While many of us are now familiar with the famous rainbow flag, there are also other LGBQT+ flags that each represent the different sex, sexuality, attraction, and gender diversities within our fabulous community.
Even if most queer people identify with the rainbow flag itself, many also desire to fly their own particular flag alongside it. Because, y’all, representation is crucial!
The labrys lesbian flag was designed in 1999 by graphic designer Sean Campbell, a cisgender gay man, and distributed in June 2000 in the Palm Springs edition of the Gay and Lesbian Times Pride issue.
The design includes a labrys, a double-headed ax, placed over an inverted black triangle, set against a violet background. Among its many meanings, the labrys was the weapon of choice for the Amazons of Greek mythology, a group of female warriors and hunters whose society was closed to men. It has been a symbol of empowerment used by lesbian feminists since the 1970s.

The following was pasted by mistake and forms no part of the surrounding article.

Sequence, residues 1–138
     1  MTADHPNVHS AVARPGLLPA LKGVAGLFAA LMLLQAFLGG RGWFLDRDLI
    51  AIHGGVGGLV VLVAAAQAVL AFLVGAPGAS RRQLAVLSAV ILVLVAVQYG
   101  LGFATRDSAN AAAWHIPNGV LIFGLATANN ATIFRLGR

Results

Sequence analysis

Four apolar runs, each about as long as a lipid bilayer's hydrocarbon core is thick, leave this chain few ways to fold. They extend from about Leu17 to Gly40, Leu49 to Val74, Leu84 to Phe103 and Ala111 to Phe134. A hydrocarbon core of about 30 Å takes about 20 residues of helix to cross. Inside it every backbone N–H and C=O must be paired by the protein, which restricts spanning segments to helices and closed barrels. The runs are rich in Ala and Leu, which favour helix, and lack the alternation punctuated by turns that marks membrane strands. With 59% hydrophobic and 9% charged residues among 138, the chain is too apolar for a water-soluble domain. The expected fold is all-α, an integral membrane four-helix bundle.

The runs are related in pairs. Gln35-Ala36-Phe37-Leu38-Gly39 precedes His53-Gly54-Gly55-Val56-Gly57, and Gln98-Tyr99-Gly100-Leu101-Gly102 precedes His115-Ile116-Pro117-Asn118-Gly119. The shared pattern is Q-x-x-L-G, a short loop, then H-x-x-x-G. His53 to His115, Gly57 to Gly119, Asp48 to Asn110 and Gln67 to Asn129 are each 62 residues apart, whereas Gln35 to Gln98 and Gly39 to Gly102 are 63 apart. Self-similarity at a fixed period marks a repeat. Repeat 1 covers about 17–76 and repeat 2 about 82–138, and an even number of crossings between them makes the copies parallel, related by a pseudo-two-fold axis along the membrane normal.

The inverted black triangle was the symbol worn by women considered asocial by the Third Reich (including homosexual females). They were condemned to concentration camps, similar to the pink triangle assigned to gay men. As gay men have reclaimed their symbol, many lesbians have also reclaimed this.
The symbol on the labrys lesbian flag has set on the color violet, which has been associated with lesbians via the poetry of Sappho.
This flag is not widely used now, possibly because a lesbian did not create it – but also because of concerns of its imagery rooted in the Holocaust. It is frequently used by trans-exclusionary lesbians or trans-exclusionary feminists, partly due to the Amazon’s mythology where the women would either kill their sons or return them to their fathers, with whom they would only socialize briefly in order to reproduce.
As such, many lesbians today seek out a flag that is inclusive of trans women and the wider LGBT community.